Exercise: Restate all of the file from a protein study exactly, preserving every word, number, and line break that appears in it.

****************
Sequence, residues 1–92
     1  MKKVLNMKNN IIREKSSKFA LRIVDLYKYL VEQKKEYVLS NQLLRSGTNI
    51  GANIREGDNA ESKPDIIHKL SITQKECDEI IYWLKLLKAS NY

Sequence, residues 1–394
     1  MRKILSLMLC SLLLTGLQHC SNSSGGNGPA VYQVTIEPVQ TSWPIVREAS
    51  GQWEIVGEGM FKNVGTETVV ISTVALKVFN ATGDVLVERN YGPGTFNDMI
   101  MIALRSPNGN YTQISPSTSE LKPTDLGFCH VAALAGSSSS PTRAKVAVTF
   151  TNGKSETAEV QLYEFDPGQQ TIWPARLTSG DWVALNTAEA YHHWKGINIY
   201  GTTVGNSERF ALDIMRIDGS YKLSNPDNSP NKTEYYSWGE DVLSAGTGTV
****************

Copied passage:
Sequence, residues 1–92
     1  MKKVLNMKNN IIREKSSKFA LRIVDLYKYL VEQKKEYVLS NQLLRSGTNI
    51  GANIREGDNA ESKPDIIHKL SITQKECDEI IYWLKLLKAS NY

Sequence, residues 1–394
     1  MRKILSLMLC SLLLTGLQHC SNSSGGNGPA VYQVTIEPVQ TSWPIVREAS
    51  GQWEIVGEGM FKNVGTETVV ISTVALKVFN ATGDVLVERN YGPGTFNDMI
   101  MIALRSPNGN YTQISPSTSE LKPTDLGFCH VAALAGSSSS PTRAKVAVTF
   151  TNGKSETAEV QLYEFDPGQQ TIWPARLTSG DWVALNTAEA YHHWKGINIY
   201  GTTVGNSERF ALDIMRIDGS YKLSNPDNSP NKTEYYSWGE DVLSAGTGTV